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Amazon Web Services stands the tallest among cloud computing giants, so naturally its annual conference generates a lot of hype. AWS re:Invent took place in Las Vegas with more than 13,500 in attendance. The vendor show featured keynotes, customer testimonials, new product releases, demonstrations and more.
"It was as exciting as always," said Kacy Clarke, vice president and principal cloud architect at Cloud Technology Partners. "There [were] a ton of new announcements, lots of different vendors and, of course, 13,500 people -- including 1,500 that were turned away at the door [as well as] thousands online waiting to see what AWS would come up with this year."
Clarke recapped the conference and reviewed the news and product releases from the event with Cloud Computing Weekly podcast host, David Linthicum. Other topics include:
- What was most impressive about AWS re:Invent? "One of the things that has impressed me is just how Amazon seems to be accelerating with every single step. … They're on their way to clearing over 500 new product releases," Clarke said. And Amazon has shown no signs of slowing down.
"Amazon continues to be the 800-pound gorilla in the space and it doesn't look like they're going to give up anytime soon," Linthicum said. "They moved into the enterprise and everybody is waiting for them to fail, [but] enterprises seem to trust them."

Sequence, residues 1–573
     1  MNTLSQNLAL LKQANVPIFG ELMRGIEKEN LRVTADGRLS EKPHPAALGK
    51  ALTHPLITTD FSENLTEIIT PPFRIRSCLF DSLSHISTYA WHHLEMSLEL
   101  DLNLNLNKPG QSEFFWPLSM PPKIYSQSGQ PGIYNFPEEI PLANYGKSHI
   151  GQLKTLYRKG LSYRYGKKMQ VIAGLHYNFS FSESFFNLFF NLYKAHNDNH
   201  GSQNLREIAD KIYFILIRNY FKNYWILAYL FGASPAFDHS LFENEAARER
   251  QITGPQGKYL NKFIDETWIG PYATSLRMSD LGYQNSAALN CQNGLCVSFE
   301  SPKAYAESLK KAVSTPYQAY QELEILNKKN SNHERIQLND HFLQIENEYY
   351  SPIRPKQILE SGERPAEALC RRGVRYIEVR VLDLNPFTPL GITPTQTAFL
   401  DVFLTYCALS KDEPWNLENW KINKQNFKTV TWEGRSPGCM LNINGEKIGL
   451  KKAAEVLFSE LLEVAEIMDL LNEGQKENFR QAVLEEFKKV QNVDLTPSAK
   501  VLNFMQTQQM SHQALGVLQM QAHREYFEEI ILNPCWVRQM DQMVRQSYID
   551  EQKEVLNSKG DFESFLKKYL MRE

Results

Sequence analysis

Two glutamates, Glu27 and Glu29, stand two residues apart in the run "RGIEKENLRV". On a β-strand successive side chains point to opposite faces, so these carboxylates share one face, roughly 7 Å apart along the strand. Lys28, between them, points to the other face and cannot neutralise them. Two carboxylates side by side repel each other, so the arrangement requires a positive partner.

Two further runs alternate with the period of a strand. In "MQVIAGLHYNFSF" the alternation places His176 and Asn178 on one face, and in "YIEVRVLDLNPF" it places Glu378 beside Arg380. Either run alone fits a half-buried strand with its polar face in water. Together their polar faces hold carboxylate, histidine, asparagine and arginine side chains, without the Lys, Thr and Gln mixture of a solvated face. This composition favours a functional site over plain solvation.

- Linthicum and Clarke analyzed the new product releases and big announcements, including AWS Config, Aurora, Lambda and Service Catalog. But it was Amazon's container management service, EC2 Container Service, which sparked a debate. Why can't AWS just use Kubernetes? "Because Google built Kubernetes and [that's] their arch enemy right now," Linthicum said.
How does this affect portability? "We still have a long way to go in terms of real portability between the three big players in the cloud space, and we'll just have to see where it goes," Clarke said.
- How did the audience react to everything that took place at AWS re:Invent? "It's the excitement of doing real stuff that really caught the audience. … These were real problems from big companies who had a lot of complexity to deal with," Clarke said.
What stuck out in particular from the conference? "One of the things that really got the audience excited was that Major League Baseball got up there and talked about their architecture that they used to provide all of those statistics during baseball games," Clarke said.
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